# False Negatives + #True Positives
Precision=
# True Positives
# False Positives + #True Positives
• Precision\Recall Curves.
• Interpolated Precision.
• AP(Average Precision)
15
Evaluation-Precision\Recall Curves(1)
• Practical Tradeoff between precision and recall.
Rank
1
2
3
4
5
6
7
8
9
10
g.t.
Yes
No
Yes
No
Yes
No
No
No
No
No
Precision
1/1
1/2
2/3
2/4
3/5
3/6
3/7
3/8
3/9
3/10
Recall
0.2
0.2
0.4
0.4
0.6
0.6
0.6
0.6
0.6
0.6
p( r )
• Interpolated Precision- Pinterp ( r )  max
r :r  r
16
Evaluation-Precision\Recall Curves(2)
17
Evaluation-Average Precision(AP)
AP 
1
 Pinterp (r )
11 r{0,0.1,.....,1}
AP is for determining who’s the best.
18
Successful Detection
Methods
19
UoC/TTI Method Overview
(P.Felzenszwalb et al.)
• Joint winner in 2009 Pascal VOC challenge with the
Oxford Method.
• Award of "lifetime achievement“ in 2010.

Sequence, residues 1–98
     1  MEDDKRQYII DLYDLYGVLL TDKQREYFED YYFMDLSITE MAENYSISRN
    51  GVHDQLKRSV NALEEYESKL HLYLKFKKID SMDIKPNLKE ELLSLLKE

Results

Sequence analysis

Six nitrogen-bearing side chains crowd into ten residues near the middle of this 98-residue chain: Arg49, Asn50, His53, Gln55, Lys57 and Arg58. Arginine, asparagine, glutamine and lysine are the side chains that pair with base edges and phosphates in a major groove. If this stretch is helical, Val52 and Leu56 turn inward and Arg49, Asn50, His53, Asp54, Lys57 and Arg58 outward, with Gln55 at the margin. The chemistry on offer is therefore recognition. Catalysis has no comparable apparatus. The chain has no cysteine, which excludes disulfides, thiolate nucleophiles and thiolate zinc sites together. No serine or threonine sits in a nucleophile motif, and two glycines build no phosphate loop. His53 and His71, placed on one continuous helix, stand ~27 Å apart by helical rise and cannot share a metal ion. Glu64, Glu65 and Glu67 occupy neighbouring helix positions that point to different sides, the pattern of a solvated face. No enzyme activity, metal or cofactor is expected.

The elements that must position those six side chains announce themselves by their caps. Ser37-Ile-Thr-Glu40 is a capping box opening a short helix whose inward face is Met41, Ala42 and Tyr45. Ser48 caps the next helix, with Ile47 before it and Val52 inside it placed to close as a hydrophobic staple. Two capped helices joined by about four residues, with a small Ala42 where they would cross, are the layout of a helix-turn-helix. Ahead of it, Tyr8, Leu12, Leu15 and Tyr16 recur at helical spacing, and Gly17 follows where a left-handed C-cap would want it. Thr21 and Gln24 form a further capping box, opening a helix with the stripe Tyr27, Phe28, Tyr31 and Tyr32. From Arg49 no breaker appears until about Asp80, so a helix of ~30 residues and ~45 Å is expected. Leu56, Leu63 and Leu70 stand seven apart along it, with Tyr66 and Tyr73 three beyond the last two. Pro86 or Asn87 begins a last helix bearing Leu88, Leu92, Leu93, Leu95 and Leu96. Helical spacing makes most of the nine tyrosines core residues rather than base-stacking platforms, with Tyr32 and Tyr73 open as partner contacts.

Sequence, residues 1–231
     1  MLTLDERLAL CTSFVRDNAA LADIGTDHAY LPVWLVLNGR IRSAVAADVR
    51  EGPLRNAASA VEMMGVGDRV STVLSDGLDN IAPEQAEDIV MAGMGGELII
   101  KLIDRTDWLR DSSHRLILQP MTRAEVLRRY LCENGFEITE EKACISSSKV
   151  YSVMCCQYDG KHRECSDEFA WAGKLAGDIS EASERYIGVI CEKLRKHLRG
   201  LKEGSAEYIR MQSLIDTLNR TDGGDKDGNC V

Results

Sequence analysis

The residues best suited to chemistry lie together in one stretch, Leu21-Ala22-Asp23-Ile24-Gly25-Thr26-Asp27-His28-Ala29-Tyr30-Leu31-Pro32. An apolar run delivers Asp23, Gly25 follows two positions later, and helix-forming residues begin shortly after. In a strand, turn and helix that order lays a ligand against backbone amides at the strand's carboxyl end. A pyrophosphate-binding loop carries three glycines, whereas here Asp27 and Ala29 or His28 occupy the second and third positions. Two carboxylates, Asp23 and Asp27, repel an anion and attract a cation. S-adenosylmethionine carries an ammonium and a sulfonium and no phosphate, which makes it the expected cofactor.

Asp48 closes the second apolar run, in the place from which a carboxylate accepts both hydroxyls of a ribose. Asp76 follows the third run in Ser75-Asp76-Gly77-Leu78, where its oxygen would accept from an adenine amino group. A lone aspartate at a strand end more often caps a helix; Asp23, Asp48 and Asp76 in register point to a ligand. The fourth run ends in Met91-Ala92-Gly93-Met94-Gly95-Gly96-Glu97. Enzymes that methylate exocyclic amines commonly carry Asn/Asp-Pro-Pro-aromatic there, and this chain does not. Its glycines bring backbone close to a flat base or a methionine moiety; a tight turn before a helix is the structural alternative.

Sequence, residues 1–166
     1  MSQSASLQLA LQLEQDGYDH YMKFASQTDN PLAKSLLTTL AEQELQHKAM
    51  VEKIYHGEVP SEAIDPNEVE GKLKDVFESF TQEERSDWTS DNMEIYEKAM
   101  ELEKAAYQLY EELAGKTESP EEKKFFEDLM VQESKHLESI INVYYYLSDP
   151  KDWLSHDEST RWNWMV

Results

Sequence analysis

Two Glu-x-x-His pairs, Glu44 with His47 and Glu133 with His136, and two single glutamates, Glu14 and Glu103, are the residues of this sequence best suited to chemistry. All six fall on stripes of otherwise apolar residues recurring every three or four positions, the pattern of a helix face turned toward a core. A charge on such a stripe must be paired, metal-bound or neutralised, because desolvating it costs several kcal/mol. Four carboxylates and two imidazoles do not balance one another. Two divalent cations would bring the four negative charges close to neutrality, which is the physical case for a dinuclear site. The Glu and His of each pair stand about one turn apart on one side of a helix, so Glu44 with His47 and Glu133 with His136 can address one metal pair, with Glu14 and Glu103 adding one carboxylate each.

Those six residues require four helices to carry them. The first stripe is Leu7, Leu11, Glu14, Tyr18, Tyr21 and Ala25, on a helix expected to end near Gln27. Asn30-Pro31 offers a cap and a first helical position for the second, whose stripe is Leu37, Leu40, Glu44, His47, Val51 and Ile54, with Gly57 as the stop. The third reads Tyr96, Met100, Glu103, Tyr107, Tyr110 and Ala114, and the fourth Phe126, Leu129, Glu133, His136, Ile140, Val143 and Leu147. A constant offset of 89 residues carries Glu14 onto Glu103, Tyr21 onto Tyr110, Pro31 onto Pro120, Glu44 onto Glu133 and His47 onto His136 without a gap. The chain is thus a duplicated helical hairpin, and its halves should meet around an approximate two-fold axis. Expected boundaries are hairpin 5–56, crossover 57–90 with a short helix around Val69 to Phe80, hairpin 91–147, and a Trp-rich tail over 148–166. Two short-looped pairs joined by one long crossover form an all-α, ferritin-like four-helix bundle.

• Mixture of deformable part models.
• Each component has global template +
deformable parts
o HOG feature templates.
• Fully trained from bounding boxes alone.
20
UoC/TTI Method – HOG Features(1)
• [-1 0 1] and its transpose
Gradient.
• Gradient orientation is discretized into one of p values.
 p ( x, y ) 
Contrast sensitive: B1 ( x, y )  round 
 mod p
 2 
 p ( x, y ) 
Contrast insensitive: B2 ( x, y )  round 
 mod p



 r ( x, y ) if b  B( x, y )
F ( x, y )b  
0 otherwise
• Pixel-level features
Cells of size k.
• 8-pixel cells(k=8).
• 9 bins contrast sensitive +18 bins contrast insensitive =total 27
bins!
Soft binning
21
UoC/TTI Method – HOG Features(2)
…27
22
UoC/TTI Method – HOG Features(3)
• Normalization.
N  , (i, j )  ( C (i, j )  C (i   , j )  C (i, j   )  C (i   , j   ) )